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The Sony PlayStation Portal is a handheld device that looks like a portable game console, but it’s not positioned as a standalone device. Instead, Sony markets the Portal as a PlayStation 5 companion that lets you stream PS5 games from your console. That’s all you can do with it… officially.

But unofficially? A small group of hackers have figured out how to run apps natively on the PlayStation Portal. So what can you do with a hacked Portal? Use it to run PSP games, of course.


According to Andy Nguyen, who goes by TheFlow online, a trio of folks spent “more than a month” hacking the PlayStation Portal so that it can run PPSSPP, a PlayStation Portable Emulator.

Nguyen says there are no plans for a public release “in the near future,” and that there’s “more work to be done,” but as Handheld HQ points out, Nguyen has a long history of hacking Sony handhelds including the PlayStation Vita and Portable, so it’s likely that this is the real deal.

It’s unclear what kind of performance this handheld offers though. Since it’s designed first and foremost as a game streaming device, there wasn’t much need for Sony to put a speedy processor inside the Portal. In fact, the company doesn’t even list the processor, memory, or storage for this device on the PlayStation Portal product page.

What Sony does tell us is that the Portal has an 8 inch, 1920 x 1080 pixel, 60 Hz touchscreen LCD display, a USB-C port (that is officially just for charging, but which probably comes in handy if you plan to hack the device), a 3.5mm audio jack, and WiFi 5 connectivity.

After the Portal began shipping in November we learned from teardown videos that it has a Qualcomm Snapdragon SG4150P processor, a 6.6 Wh battery and an Android-based operating system. And Nguyen tells us that the operating system reports about 6GB of onboard storage.

So how exactly do you get it to run PPSSPP (or other apps)? It looks like Sony’s software for the PlayStation Portal normally blocks users from installing Android apps using APK installer files. But Nguyen found a way to “bypass” Sony’s code.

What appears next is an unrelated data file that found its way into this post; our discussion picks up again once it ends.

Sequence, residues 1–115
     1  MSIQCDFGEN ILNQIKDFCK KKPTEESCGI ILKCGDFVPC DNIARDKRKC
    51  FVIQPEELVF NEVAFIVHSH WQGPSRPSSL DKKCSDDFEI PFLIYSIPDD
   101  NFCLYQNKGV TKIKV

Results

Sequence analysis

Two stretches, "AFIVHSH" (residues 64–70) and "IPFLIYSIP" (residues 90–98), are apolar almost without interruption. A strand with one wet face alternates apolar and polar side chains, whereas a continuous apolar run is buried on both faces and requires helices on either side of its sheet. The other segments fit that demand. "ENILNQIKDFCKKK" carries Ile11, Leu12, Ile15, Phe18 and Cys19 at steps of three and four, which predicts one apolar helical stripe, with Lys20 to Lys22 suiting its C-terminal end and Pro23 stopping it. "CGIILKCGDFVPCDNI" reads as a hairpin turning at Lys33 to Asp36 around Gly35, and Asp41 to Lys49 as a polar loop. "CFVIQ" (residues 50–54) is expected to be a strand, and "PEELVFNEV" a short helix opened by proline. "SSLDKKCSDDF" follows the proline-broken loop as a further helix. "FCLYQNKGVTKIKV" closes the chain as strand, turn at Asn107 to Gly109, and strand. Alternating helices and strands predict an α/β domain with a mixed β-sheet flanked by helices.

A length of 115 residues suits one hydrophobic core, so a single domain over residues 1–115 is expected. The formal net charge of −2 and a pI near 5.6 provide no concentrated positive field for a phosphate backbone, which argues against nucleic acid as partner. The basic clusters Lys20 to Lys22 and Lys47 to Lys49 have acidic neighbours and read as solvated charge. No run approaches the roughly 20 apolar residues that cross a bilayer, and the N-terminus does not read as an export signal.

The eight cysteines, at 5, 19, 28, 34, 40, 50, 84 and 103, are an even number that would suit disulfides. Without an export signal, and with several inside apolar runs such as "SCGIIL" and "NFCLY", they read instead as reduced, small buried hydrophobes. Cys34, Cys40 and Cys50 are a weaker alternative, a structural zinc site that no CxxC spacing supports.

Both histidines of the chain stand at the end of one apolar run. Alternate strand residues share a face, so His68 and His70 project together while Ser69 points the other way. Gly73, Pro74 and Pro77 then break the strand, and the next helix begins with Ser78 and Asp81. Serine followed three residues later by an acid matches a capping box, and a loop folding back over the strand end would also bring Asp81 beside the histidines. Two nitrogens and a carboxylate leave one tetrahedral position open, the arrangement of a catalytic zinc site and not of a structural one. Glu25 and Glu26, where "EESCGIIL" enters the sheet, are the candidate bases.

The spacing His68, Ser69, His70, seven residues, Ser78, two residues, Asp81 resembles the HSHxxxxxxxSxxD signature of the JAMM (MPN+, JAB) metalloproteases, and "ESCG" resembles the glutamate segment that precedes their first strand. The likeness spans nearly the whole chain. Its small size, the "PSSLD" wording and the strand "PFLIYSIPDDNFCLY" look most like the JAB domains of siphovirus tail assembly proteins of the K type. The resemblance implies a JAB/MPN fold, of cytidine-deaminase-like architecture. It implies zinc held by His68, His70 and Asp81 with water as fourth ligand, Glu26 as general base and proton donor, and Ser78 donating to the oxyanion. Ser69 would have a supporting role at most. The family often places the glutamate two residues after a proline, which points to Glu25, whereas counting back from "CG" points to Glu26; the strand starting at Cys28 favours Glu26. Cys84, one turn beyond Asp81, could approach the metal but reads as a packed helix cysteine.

It’s unclear if or when instructions for doing that will be released to the public, but Nguyen says it’s a software-based method, which means two things:

  1. Anybody with sufficient computer skills would probably be able to unlock the PlayStation Portal by following a set of instructions… at least initially.
  2. Sony could probably push an over-the-air update that would make it tougher to bypass those restrictions. So that may be at least one of the reasons why the researchers responsible haven’t released instructions.

It’s pretty impressive that somebody’s figured out that the PlayStation Portal can be unlocked and made to run native games and apps. But given the device’s hardware limitations, there are probably other handhelds that are better suited to those tasks.

So I’m not sure I’d suggest going out and buying a PlayStation Portal just so you can hack it (especially since tools to do that haven’t been released yet). But if you’ve already got one and are looking for ways to use it for more than just game streaming, it looks like that may eventually become an option.

via @theflow0 and @ZetaTwo

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  1. Great news and if Sony is clever enough this could be a big sales boost for the device, too.

    An 8 inch PSP from Sony? Take my money! 🙂

  2. Well it probably wasn’t to hard to begin with,just nobody thought it was worth the effort being such a limited storage.Time will tell how far this will go!

  3. Well at least it’s now a viable device. It was a scam and crappy device to begin with, now maybe it well at least be worth buying. We need to see more of these hacks. The hack scene has been pretty lame all around lately, from android and apple, to xbox and ps5..

    1. Not true one bit. Android always has new things eg magisk, zygisk, lsposed etc. Apple has things like Checkra1n and others. Xbox has its own Dev Mode that Microsoft themselves allow. PS have been royally bent over for years.

  4. You can always rely on TheFl0W to do the cool handheld console hacks. I’ve been following his work for years and have spoken with him a few times, about Vita hacks mostly.

    For me, out of the box the Portal is a boring, underdesigned device with no purpose whatsoever. I say that as a PS5 owner – a butchered experience of that console via the Remote Play feature they haven’t improved the tech behind for years is not desirable. But reading this gave me the first spark of interest into what it might be able to do in coming years, when interest has been lost in it’s novelty and you can get them as new in box for less than £100. As with the Wii U, homebrew can make a pretty uninspiring device into something truly special.

    Bless the hackers. Their curiously benefits us all.

  5. Kinda wished he’d sat on it a little longer before giving Sony the middle finger. Gonna be a rough ride from here on out.

  6. They’re probably going to disable this with updates, since this might mean people playing games without buying them from Sony, and possibly eat into Vita 2 sales assuming they’re even doing that.

    1. They can’t disabled it until he releases the exploit, but of course they will patch it if a software exploit….if hardware nothing they can do until a new revision is released.